Nutritional yeast is enjoying a sudden surge in popularity—here's why.

By Cynthia Sass, MPH, RD
May 11, 2020
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You’ve probably seen a slew of trendy recipes that call for nutritional yeast, like cashew cheese, cauliflower mash, kale chips, and vegan pesto. If you’re not familiar with nutritional yeast, you may be wondering what it is, where to find it, why it’s good for you, and other ways to use it. Here’s the lowdown.

Nutritional yeast is a vegan diet staple

Nutritional yeast, also referred to as “nooch,” has been used for eons in plant-based cooking, but it's currently enjoying a surge in popularity. I was introduced to it in my college nutrition science program and began using it frequently after taking a plant-based culinary course years ago.

The golden flakes or powder are made from a type of yeast in the same family as baker’s and brewer’s yeast, but there is no live yeast in the final product. Yeast cells are grown using sugar, such as molasses or beets, and then deactivated by heat, dried, and crumbled. Fortified nutritional yeast, the most commonly used form, contains added nutrients. This nutritious vegan, gluten-free product adds flavor, color, and “cheesiness” to various dishes without the need for dairy.

Nutritional yeast is nutrient-rich

Exact nutrient levels vary from brand to brand, but a two tablespoon serving of the popular Bragg nutritional yeast provides just 40 calories, no fat, 20 mg of sodium (1% of the daily max recommended intake), 3 grams of carbohydrate with 2 grams as fiber (so 1 gram of net carbs), 5 grams of protein, and significant amounts of energy-supporting B vitamins. These include over 90% of the daily target for folate, over 200% for niacin, more than 400% for both vitamin B6 and riboflavin, over 500% for thiamin, and more than 600% for vitamin B12.

Nutritional yeast is an important source of vitamin B12 for people who follow a completely plant-based diet, as this nutrient isn’t found in whole, unprocessed plant foods. One study in people who followed a particular vegan diet for up to four years found that the inclusion of nutritional yeast helped the plant-based eaters meet their B12 needs.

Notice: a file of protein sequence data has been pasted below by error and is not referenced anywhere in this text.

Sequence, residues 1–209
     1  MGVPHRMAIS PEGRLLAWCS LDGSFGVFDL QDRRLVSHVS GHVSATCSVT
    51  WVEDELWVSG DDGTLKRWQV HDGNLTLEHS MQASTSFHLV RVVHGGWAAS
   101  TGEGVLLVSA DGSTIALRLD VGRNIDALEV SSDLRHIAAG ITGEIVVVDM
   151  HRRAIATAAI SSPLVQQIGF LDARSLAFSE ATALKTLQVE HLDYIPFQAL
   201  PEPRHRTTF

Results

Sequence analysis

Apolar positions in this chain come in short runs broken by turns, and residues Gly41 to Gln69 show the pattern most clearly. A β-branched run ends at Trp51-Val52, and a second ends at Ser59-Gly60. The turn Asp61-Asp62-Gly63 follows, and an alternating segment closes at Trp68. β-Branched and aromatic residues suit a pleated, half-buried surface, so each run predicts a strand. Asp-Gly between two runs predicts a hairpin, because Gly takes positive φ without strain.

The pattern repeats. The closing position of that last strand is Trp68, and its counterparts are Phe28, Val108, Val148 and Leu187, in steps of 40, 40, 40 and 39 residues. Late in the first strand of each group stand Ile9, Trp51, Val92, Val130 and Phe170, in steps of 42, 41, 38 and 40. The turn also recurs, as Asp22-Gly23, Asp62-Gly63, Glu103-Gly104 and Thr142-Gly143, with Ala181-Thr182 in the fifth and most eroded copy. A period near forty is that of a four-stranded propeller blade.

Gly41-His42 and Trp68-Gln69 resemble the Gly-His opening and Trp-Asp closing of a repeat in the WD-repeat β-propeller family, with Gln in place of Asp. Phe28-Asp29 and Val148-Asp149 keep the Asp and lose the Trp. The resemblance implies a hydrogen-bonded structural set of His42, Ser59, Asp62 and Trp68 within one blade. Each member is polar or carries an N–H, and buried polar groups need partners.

Nutritional yeast supports overall health

In addition to its high-quality protein and B vitamins that support healthy hair, skin, and nails, the fiber in nutritional yeast promotes gut health. The seasoning contains beta-glucan, a specific type of fiber shown to support immunity and bone density, reduce cholesterol and blood pressure, and potentially lower cancer risk.

Nutritional yeast also provides antioxidants and smaller amounts of key minerals, including potassium, iron, selenium, and zinc. Finally, this inactive type of yeast does not contribute to candida yeast infections or overgrowth.

Nutritional yeast is versatile

Nutritional yeast has a cheesy, nutty, umami flavor that some people compare to Parmesan. I love to sprinkle it onto popcorn, salads, cooked veggies, and baked potatoes. You can also blend nutritional yeast into smoothies or use it as an ingredient in sauces, soups, salad dressings, homemade crackers, biscuits, and even desserts, like vegan cheesecake.

You can find nutritional yeast online at Amazon, Target, and Walmart, and at your local health food store, Whole Foods, and some mainstream supermarkets. A 4.5 ounce jar, which contains 12 servings, costs about $6, which is a good value given its many uses and the nutrients it provides— and it’s fun to experiment with!

Cynthia Sass, MPH, RD, is Health's contributing nutrition editor, a New York Times best-selling author, and a private practice performance nutritionist who has consulted for five professional sports teams. 

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